Side effects that occur in 6% or less of patients :

  • Visual-blurring
  • Visual spots or flashes
  • Nausea and vomiting
  • Abnormal uterine bleeding
  • Abdominal or pelvic pain
  • Weight gain
  • Breast discomfort

Other side effects, including allergic reactions, have been reported but with an incidence of less than 1%

Clomid and pregnancy

The risk of miscarriage or stillbirth does not appear to be related to the use of clomiphene. The incidence of miscarriage in clinical trials was approximately 20% and the risk for stillbirth was 1%. Clomiphene is considered pregnancy Category X. Its use is contraindicated in women who are already pregnant. Studies in rats and mice have shown a dose-related increase in some types of malformations and an increase in mortality. Studies in human beings do not support an association between clomiphene and congenital defects.

Clomid Treatment Protocols

Monitoring with ovulation predictor kits and having intercourse only.

1. Call the office on Day 1 of your period.
2. Day 2 or 3 – Office visit- Blood test and ultrasound.
3. Take the clomiphene Day 5,6,7,8, and 9
4. Start testing urine on the morning of day 10 or 11.
5. Look for the first definite color change. Do not continue to test after the color change.
6. Have intercourse the same day you see the color change and the next day.
7. Call the office when you see the color change. Schedule an appointment approximately one week later for a blood test to verify ovulation.

Monitoring with ovulation predictor kits and having an intrauterine insemination – IUI

1. Call the office on Day 1 of your period.
2. Day 2 or 3 – Office visit- Blood test and ultrasound.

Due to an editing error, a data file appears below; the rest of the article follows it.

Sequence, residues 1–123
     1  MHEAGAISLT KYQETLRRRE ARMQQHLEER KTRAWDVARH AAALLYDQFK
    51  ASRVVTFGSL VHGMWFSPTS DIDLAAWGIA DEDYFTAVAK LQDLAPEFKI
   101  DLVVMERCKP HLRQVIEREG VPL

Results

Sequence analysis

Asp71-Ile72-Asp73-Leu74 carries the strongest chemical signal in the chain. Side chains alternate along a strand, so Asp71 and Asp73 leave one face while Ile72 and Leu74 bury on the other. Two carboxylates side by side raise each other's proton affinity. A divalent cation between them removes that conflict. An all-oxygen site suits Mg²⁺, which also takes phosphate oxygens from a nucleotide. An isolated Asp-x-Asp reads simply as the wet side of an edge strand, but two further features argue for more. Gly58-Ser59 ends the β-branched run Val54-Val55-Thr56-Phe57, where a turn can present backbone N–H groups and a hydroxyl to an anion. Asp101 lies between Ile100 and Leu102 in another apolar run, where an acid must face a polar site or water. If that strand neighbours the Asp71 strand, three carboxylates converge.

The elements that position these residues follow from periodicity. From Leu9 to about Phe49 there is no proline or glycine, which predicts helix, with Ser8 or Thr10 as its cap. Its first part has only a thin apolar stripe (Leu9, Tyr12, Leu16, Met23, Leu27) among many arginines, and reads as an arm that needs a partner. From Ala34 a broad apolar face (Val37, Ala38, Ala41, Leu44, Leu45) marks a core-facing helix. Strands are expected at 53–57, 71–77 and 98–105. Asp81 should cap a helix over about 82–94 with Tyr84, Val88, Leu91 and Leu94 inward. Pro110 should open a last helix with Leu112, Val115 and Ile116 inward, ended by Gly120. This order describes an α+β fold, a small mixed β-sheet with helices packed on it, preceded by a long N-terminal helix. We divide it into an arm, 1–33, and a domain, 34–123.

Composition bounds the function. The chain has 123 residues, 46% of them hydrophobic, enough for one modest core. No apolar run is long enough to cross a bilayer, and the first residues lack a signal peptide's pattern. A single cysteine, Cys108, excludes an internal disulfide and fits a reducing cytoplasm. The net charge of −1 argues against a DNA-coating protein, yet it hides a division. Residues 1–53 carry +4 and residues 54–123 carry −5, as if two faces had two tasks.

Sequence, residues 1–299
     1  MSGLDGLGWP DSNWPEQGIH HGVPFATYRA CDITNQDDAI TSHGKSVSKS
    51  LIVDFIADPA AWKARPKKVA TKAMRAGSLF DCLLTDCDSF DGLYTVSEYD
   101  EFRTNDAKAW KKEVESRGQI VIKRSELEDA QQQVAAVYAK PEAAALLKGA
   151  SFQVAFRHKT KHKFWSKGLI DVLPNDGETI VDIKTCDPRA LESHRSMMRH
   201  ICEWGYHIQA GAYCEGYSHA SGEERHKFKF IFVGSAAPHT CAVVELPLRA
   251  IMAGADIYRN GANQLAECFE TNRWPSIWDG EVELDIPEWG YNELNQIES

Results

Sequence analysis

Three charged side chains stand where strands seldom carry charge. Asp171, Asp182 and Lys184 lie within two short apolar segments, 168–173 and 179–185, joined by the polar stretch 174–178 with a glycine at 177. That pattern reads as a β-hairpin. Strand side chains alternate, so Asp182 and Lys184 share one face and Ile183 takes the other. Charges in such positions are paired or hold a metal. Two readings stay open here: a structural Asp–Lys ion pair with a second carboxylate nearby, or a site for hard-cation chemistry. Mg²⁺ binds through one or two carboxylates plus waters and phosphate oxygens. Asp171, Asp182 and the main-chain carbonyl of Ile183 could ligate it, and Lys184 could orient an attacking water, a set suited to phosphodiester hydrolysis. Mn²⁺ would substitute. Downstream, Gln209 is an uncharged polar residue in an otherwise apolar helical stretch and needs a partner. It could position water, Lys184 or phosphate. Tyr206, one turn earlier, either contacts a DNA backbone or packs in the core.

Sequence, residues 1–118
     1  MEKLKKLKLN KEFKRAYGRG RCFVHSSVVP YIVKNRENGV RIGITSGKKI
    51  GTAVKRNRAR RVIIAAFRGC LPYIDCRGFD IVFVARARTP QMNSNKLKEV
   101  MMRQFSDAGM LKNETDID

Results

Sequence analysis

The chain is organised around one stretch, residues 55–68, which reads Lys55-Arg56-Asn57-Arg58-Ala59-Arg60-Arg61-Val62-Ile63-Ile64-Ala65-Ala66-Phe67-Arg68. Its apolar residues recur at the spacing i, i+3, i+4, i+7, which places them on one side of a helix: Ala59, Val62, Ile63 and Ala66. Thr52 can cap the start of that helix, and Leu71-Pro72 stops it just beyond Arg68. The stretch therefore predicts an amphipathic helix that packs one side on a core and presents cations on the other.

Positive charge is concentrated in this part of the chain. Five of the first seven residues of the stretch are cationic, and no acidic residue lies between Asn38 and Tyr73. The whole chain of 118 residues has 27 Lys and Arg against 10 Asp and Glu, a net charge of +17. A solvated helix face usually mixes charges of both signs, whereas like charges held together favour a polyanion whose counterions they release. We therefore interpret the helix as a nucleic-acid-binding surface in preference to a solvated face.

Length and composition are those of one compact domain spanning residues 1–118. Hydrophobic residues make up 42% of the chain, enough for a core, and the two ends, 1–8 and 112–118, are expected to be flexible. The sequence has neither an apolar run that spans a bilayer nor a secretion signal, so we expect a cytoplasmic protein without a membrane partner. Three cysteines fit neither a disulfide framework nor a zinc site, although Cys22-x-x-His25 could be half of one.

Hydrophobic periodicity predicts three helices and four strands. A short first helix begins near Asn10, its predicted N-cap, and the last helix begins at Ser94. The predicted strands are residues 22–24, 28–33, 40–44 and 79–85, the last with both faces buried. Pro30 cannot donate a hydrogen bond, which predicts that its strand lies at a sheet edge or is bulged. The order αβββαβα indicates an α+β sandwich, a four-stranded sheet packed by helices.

3. Take the clomiphene Day 5,6,7,8, and 9
4. Start testing urine on the morning of day 10 or 11.
5. Look for the first definite color change. Do not continue to test after the color change.
6. Call the office the same morning you see the color change. Have intercourse that night.
7. Schedule the insemination for the next day (The day after the color change)
8. Schedule an appointment approximately one week later for a blood test to verify ovulation
9. Schedule an appointment approximately two weeks later for a pregnancy test

Monitoring in the office with intrauterine insemination or intercourse

1. Call the office on Day 1 of your period.
2. Day 2 or 3 – Office visit- Blood test and ultrasound.
3. Take the clomiphene Day 5,6,7,8, and 9
4. Day 10 or 11 – Office visit – Blood test and ultrasound. You will receive instructions that afternoon when to return for the next visit.
5. Only when instructed – Take hCG trigger injection in the evening. Have intercourse that evening also.
6. Schedule the insemination for 2 (two) days after the hCG trigger. If you are not doing insemination, have intercourse again on this day
7. 1 week after hCG trigger- Office visit – Blood test only (Progesterone level)
8. 2 weeks after hCG trigger- Office visit – Blood test only (Pregnancy test)

Other Clomid Information

Clomid and Cancer